So, how real is the ‘real’ world of this GADU?  I suggest that it probably resembles the real world less the more you’ve read; if you can accept invisible unicorns, Latin-quoting detectives, murderous conspiracies, and ploys so convoluted they make Conan Doyle’s belief in færies look positively sane, you’re clearly in a happy place and not willing to look back.  Perhaps this is why those Poirot novels were bastardised reinterpreted so unfaithfully for TV, maybe the world they represent is so hilariously unrelatable that no-one would ever believe it if they hadn’t been soaking in it for a good long while.  Perhaps those of us who read a huge amount of this are the worst possible critics of how realistic it is, having gone native a long time ago.

Or, hey, as I said above, perhaps it’s just me…

21 thoughts on “#249: Is This the Real Life, Is This Just Fantasy? — GAD and ‘Reality’

  1. The subtitle to your fine essay should be be: Or just how dull can detective fiction be to still entertain? So, er, Is THE BURNING COURT the elephant in this hermetically sealed, triple-locked room? 😉

    Liked by 1 person

    • That’s a great follow-up: will we accept dull detective fiction because it’s “realistic” — Simenon bores the hell out of me, but I acknowledge his attempts to do something in the classical mould that retained as much realism as possible, and Crofts might be so highly regarded (I’ve enjoyed the couple I’ve read so far, so no complaints here yet…) on account of the forensic detail that goes into everything. Though, actually, I find the minutiae of Crofts’ stuff really quite unrealistic for all its serendipity, even while I enjoy the hell out of it.

      The Burning Court I’ll have to leave to others; am yet to track down a copy of that. One of these days, though…


  2. Funny you have bring up the idea of a GADU now, because something recently occurred to me that would link most, or even all, British detective stories from the Golden Age together. I played with the idea of writing a blog-post about it, but the idea would hardly provide me with enough material to pad out an entire post. So I might as well post it here as a footnote, of sorts, to your post.

    During the Golden Age, a person existed in our reality whose fictional counterpart would very likely had face-to-face encounters with characters from hundreds of British detective stories. From John Dickson Carr and Agatha Christie to Nicholas Blake and Gladys Mitchell.

    As different as they may have been as mystery writers, they all would have a fictional counterpart of this person walking around in their universe. Similar to how they all had a fictional counterpart of Hitler pulling shenanigans on the continent.

    So, who is this person, you ask? You should be able to guess by now, but I’ll give everyone two hints: this person is the holder of a record that won’t be broken any time soon and he, or rather his occupation, played an important role in a famous short story by a writer mentioned in JJ’s post.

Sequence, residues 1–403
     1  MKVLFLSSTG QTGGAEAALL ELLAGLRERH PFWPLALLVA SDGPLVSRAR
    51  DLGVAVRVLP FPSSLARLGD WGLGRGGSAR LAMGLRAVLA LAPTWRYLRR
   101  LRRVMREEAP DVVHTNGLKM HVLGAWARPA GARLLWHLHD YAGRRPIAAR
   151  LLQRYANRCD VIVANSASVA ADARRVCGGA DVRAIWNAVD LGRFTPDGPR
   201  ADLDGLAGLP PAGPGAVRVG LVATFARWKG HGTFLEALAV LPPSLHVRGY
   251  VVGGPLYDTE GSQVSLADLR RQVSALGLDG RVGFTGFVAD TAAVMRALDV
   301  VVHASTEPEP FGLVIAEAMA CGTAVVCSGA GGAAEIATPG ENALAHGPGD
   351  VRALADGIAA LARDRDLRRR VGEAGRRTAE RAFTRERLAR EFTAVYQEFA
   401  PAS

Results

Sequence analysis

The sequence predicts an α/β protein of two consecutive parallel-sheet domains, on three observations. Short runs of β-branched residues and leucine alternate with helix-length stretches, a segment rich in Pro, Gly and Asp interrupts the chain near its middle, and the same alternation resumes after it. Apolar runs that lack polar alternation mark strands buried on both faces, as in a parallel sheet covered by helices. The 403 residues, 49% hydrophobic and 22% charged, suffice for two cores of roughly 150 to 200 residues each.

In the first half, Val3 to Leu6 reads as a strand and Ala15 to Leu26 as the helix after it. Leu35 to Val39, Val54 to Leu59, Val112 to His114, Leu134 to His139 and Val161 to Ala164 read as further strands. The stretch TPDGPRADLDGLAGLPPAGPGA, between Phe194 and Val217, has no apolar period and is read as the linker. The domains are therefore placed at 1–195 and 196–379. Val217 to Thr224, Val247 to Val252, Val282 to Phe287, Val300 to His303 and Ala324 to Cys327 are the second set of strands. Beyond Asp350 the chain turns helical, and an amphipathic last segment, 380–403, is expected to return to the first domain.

I’ll check back in a couple of hours to see if anyone got it right (hope you won’t mind this minor hijacking of your post, JJ).

    Liked by 1 person

      • You’re (basically) correct, Harry. The person I was hinting at was the most famous hangman of the previous century, Albert Pierrepoint, who hanged over 400 murderers and war criminals. A record for the fastest hanging (a breakneck seven seconds) is his.

        Recently, I wondered how many murderers from our favorite detective stories his fictional counterpart hanged. Because, if he exists in a GADU, he would have hanged murderers who were caught by Alleyn, Fell, Appleby, Bradley, Poirot, Campion, Fortune etc. etc.


        • Now that’s a really cool in-universe idea…hey, perhaps we just proved that the GADU is real…though whether this means we have to add Pierrepoint’s fictional clients to his real ones will, I’m sure, elicit no discussion whatsoever.

          Liked by 2 people

  3. Literature of this type is art, whether it’s god or bad quality or more or less worthy than other types is another issue and as much a matter of taste as anything. The fact remains it’s art, not documentary, commentary or satire, although there’s no reason why any or all of those elements cannot be contained within it. So, if it is art, there’s only one question to answer:
    What has art go to do with reality?
    For me, the answer has to be very little, if anything. The illusion of reality, and that’s all it can ever be under the circumstances, is no more than a framework, a kind of deliberately artificial periphery within which an artist can explore his/her themes. It’s a deception which the audience willingly participates in and reality, or maybe realism is better, doesn’t need to be mixed up with logic, which I think is always essential – I’d argue the latter must exist whereas the former is, if not totally dispensable, at least highly malleable.


    • Niiiiice, Colin; I suppose I’m conflating the two so as to help differentiate GAD from Fantasy or other flights of imagination that move carefully but distinctly away from reality (often, it must be said, wth an abandonment of logic as a result!).

      Is there not a certain amount of reality that you’re looking for in your art, thought if you read this kind of thing? Deos that “play along at home” aspect of GAD not come into it for you? I’m not implying any fault in your otlook if so [editor’s note: he probably is…], I’m just interested in how you see the complete separation of Art and Reality in regards to GAD…

      Equall, though, I appreciate that’s a tricky question, so feel free to ignore it!


      • Good question, and I’ll see if I can clarify. I tried to draw some distinction between reality/realism and logic, but I want to reiterate that here. While they are related they are not the same and, personally, I don’t believe both are necessary.